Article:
To see the whole picture, the actions of those in charge of fiscal and monetary policy over the past several years must be carefully considered. I will warn you if you are expecting a certain political party to be valid with this accounting, you will be disappointed.

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Admittedly, understanding fiscal and monetary policy is not an easy matter, but the principle at play is quite simple. The government spent a huge amount of money it didn’t have, so it issued debt. That debt was bought — primarily by the Federal Reserve — which then handed over newly printed dollars in exchange. Those dollars are then distributed throughout our economy. Much of this money was not taken from any particular group of people, nor was it reallocated from another government program. It was created. The result was that the dollars in your bank account became worth much less because there is now more money in circulation. In February, the money supply had increased by more than 40% over two years.

President Joe Biden, along with congressional Democrats, have pumped an incredible amount of money into our economy, the most notable example of this being the American Rescue Plan, which amounts to $1.9 trillion of the approximately $5 trillion in spending of the government under this administration.

In four years under President Donald Trump, the national debt has increased by nearly $8 trillion, approaching what President Barack Obama added to the debt in twice his time in office. Meanwhile, the Federal Reserve failed to recognize the impending inflationary crisis, only starting to raise interest rates in the last few months.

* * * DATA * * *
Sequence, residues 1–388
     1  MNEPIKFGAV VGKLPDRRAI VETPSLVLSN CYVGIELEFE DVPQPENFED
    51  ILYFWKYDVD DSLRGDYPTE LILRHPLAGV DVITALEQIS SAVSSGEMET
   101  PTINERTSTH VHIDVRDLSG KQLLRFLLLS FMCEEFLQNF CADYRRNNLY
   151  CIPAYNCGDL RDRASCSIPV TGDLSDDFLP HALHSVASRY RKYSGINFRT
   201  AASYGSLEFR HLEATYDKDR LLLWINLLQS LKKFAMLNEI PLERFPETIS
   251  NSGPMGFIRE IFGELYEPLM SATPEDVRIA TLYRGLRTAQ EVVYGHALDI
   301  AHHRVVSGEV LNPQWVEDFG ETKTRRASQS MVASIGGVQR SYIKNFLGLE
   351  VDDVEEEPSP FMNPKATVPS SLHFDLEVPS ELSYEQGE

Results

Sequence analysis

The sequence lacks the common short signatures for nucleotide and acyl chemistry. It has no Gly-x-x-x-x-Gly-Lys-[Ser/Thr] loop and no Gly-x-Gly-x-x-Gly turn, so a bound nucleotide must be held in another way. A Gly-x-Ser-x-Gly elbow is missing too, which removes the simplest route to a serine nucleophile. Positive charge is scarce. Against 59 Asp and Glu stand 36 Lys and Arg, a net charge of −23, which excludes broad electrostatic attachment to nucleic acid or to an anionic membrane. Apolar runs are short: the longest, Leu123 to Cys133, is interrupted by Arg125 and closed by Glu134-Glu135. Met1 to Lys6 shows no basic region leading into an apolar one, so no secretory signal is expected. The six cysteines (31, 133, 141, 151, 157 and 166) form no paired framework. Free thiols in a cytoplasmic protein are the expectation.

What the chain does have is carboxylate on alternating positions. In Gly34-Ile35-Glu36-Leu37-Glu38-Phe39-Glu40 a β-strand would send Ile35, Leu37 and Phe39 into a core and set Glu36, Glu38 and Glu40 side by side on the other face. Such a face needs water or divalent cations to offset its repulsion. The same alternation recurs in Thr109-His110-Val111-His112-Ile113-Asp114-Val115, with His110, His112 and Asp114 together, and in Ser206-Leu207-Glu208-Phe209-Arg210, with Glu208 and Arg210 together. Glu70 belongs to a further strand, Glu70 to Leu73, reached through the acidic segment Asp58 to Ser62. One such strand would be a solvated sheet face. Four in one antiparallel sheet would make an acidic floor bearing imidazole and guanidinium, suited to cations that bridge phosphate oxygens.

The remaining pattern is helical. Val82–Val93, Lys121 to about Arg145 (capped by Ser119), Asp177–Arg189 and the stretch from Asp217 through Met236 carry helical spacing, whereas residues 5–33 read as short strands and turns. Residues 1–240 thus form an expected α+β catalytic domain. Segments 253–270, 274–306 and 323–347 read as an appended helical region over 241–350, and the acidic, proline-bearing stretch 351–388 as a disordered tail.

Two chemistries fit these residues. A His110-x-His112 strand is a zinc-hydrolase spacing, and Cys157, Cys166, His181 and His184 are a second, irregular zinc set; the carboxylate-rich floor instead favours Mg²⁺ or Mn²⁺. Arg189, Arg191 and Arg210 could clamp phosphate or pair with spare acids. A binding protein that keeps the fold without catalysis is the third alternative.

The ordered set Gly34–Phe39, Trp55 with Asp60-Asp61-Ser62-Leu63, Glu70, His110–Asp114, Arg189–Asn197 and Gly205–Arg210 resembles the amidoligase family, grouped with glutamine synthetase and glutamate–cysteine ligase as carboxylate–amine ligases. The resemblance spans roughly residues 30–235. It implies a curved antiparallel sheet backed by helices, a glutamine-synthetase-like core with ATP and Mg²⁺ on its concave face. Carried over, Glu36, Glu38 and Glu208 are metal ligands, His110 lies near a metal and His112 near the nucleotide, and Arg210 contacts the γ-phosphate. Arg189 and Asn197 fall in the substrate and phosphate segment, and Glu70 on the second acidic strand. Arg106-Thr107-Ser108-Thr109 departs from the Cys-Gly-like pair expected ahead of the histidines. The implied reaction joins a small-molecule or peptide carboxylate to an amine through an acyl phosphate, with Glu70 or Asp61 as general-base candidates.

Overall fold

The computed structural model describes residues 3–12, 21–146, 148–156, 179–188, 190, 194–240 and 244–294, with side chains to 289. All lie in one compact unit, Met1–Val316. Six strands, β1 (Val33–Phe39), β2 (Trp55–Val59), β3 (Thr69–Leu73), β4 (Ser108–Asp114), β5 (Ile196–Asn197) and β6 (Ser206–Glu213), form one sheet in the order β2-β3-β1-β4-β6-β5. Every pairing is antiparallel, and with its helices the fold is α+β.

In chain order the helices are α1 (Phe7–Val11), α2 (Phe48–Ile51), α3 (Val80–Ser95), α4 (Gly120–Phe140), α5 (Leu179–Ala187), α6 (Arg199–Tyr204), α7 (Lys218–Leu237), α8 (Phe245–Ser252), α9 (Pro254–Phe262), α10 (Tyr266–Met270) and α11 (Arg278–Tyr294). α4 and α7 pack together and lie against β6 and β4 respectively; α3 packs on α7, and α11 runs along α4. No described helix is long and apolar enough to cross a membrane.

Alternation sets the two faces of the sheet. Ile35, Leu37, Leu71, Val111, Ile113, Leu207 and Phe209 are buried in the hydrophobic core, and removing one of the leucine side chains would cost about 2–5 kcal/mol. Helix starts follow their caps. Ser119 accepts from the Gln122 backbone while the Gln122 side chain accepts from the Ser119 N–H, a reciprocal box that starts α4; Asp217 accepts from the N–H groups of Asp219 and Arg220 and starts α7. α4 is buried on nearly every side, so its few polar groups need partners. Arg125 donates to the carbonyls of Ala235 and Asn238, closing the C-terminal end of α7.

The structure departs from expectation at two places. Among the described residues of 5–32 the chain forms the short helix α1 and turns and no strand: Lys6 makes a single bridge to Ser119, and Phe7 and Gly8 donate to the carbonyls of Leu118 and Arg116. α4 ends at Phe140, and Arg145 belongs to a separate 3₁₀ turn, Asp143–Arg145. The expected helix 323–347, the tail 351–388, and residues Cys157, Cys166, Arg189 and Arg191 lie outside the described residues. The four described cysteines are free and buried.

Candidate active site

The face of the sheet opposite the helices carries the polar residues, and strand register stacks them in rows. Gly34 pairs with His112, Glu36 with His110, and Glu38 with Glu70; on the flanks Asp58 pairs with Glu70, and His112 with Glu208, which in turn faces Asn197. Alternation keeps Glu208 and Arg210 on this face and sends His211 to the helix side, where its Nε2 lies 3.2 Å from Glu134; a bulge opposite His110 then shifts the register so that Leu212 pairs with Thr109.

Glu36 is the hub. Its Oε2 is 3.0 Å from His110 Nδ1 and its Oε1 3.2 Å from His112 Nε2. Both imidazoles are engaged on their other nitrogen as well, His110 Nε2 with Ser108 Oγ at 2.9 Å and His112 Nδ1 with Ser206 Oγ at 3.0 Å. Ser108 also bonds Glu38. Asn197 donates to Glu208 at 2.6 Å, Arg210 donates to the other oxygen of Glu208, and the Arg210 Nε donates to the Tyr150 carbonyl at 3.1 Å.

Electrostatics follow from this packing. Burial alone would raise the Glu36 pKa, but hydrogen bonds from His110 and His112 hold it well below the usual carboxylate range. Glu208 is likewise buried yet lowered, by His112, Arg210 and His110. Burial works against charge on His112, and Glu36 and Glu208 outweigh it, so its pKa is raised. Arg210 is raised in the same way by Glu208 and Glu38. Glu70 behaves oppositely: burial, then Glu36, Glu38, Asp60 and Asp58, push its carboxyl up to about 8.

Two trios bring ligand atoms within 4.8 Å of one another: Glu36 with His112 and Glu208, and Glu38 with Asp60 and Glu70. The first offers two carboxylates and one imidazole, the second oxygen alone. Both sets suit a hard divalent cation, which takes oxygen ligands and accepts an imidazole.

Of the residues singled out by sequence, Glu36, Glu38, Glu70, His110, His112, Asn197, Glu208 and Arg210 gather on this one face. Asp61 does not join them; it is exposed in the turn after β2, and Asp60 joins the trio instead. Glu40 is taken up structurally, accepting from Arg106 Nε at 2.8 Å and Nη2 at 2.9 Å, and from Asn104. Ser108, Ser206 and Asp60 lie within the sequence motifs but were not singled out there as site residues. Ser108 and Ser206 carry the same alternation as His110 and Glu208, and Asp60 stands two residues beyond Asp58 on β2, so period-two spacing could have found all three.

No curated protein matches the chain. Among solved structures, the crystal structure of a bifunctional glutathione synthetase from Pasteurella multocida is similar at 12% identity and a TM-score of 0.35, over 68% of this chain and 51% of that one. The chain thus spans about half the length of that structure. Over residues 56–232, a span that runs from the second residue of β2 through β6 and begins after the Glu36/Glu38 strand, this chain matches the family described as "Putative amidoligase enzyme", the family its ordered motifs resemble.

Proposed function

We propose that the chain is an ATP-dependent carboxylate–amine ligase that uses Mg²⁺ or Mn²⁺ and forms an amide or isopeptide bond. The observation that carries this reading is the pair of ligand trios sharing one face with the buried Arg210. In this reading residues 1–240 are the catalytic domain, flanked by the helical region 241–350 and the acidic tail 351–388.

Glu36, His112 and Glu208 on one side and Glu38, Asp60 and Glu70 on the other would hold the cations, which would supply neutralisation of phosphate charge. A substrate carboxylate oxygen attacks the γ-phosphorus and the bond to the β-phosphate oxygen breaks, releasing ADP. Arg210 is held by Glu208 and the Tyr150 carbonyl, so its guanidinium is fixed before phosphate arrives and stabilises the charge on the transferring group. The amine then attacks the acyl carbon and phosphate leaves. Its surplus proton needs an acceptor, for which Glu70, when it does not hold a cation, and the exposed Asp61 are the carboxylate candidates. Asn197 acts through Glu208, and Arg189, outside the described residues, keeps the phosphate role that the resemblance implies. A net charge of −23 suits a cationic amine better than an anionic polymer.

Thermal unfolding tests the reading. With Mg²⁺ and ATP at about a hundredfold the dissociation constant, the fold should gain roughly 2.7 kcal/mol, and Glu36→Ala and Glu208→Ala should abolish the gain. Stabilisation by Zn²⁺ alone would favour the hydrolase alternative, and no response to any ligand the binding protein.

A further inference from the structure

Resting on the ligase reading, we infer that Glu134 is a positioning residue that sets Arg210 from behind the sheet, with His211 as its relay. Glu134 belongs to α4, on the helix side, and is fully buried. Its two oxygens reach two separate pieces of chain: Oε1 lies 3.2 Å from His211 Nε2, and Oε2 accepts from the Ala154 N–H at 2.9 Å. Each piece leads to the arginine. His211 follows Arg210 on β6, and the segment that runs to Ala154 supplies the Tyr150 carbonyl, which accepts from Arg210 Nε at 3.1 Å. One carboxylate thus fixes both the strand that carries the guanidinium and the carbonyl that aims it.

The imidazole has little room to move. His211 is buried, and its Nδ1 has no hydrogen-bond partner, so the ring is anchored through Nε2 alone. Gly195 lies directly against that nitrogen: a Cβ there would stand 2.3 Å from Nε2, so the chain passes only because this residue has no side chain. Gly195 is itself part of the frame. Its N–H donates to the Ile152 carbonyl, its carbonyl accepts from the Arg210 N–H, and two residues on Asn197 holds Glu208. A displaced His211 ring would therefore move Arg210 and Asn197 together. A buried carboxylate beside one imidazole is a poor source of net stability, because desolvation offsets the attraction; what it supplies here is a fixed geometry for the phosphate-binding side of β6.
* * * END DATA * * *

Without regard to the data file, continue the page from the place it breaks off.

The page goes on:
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Unfortunately, the policy failures do not end there. Fortunately, I only have so many words to make you sad.

It’s easy to blame inflation on COVID-19 or Vladimir Putin’s unjustified war, but it ignores the worrying trend of government interference that will continue to destabilize our economy for generations to come. Ignoring the $31 trillion in national debt we have incurred is foolish. While it may seem like an election year that Democratic or Republican elected officials can look to the not-so-distant past, there’s nothing stopping you from holding them accountable.

The lesson we should learn is not necessarily that one political party is going to blame another party (as tempting as that may be), but rather that the people we raise to the These offices are about the organic nature of our economy.

As they flip those switches and turn those knobs, they do so with an incredible paucity of information, so the actions they take should be done with an abundance of caution and under our watchful eye.

Lisa LaBriola is a principal at Husch Blackwell Strategies and has been a member of the Senate staff for nearly ten years. She served as chief of staff to former Senate Minority Leader Lucia Guzman and former Senate President Leroy Garcia. The views expressed here are her own and do not reflect the views of any other organisations. Sage Naumann is a conservative commentator and strategist. He is the vice president of communications at 76 Group and was previously a spokesman for the Colorado Senate Republicans. Follow him on Twitter @SageNaumann.